Well, our XFX cards are off to a nice start. The 7870 Black may not be a great deal faster than its reference counterpart, but the 7850 Black edges out the vanilla 7850 by a big margin—especially in our “time spent beyond 50 ms” metric. Lower scores there indicate fewer latency spikes and thus more fluid overall gameplay.

Battlefield 3

We tested Battlefield 3 by playing through the start of the Kaffarov mission, right after the player lands. Our 90-second runs involved walking through the woods and getting into a firefight with a group of hostiles, who fired and lobbed grenades at us.

The game was run at its highest detail preset, Ultra, which couples MSAA and FXAA antialiasing as well as snazzy DX11 effects and tessellation.

Things get a little strange here. The 7870 Black continues to do well, but the 7850 Black actually falls slightly behind the reference 7850. The difference amounts to less than half a frame per second, so for all intents and purposes, we can say the two cards perform identically. But that doesn’t make sense—the Black Edition is clocked 115MHz above the reference card, and its memory is 50MHz faster.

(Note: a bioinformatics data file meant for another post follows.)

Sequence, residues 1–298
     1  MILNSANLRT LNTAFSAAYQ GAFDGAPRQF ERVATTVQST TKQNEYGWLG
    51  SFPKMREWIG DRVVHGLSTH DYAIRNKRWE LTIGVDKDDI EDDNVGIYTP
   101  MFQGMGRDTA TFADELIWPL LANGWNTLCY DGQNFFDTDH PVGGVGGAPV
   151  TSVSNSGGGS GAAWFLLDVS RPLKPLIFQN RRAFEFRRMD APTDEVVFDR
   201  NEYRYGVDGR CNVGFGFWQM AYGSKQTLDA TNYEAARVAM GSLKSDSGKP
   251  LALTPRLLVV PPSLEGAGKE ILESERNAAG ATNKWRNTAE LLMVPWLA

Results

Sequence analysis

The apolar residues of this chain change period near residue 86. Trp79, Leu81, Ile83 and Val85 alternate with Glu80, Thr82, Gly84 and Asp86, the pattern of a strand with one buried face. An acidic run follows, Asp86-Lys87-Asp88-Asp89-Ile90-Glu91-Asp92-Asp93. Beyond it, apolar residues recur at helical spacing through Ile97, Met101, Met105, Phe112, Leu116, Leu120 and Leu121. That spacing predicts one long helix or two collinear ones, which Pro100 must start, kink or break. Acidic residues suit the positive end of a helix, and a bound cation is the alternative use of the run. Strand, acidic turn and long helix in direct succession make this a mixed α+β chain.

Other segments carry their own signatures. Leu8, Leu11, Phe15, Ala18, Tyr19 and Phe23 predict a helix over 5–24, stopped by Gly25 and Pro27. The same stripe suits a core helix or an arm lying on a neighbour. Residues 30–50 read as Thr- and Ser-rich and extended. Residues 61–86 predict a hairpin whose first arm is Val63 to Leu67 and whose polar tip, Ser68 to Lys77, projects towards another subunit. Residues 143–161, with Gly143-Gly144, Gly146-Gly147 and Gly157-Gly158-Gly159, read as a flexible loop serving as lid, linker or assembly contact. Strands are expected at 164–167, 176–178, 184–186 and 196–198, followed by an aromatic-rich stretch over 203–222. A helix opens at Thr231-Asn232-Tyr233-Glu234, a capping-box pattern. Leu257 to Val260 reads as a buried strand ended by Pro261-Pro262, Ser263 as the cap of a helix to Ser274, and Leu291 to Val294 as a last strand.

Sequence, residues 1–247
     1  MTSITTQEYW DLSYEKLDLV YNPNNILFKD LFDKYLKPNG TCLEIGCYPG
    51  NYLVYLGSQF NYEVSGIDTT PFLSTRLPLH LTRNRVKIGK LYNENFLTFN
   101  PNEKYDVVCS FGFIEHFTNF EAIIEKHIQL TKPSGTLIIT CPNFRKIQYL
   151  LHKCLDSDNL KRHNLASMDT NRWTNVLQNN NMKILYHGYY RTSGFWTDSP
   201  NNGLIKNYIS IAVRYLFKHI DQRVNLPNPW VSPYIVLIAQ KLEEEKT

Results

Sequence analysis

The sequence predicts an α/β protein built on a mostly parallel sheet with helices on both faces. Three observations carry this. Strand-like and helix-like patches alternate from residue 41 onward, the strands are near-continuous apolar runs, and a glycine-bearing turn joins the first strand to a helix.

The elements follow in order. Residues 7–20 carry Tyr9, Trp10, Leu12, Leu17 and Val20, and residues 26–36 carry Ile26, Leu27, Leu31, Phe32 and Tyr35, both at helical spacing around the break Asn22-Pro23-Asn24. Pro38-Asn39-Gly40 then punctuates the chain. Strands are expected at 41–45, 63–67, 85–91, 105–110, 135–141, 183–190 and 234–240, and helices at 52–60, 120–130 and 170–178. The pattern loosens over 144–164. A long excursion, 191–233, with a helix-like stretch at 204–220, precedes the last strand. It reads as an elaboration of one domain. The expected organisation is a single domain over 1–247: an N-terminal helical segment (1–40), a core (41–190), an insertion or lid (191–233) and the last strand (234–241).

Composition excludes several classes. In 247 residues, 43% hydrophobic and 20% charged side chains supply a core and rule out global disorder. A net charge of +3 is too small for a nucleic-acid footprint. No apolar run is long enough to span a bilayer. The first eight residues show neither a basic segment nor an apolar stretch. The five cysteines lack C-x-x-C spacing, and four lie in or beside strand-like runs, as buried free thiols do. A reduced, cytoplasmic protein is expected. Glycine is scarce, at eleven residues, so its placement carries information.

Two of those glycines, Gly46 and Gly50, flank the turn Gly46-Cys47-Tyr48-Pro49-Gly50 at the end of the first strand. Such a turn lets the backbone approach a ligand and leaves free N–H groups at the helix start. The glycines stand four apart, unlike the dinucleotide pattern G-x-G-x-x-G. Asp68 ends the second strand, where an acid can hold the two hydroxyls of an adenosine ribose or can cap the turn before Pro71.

We re-tested, tweaked PowerTune settings, checked for overheating, and poked and prodded trying to find the source of the problem, but nothing seemed out of order. We even tried clocking the XFX card at the same speeds as the vanilla 7850, and performance declined further. Suspecting a memory latency difference, we called XFX for comment. The company said that, save for clock speeds, the Black and reference cards should be identical at the firmware level. Any straightforward explanations for the performance discrepancy were suddenly ruled out.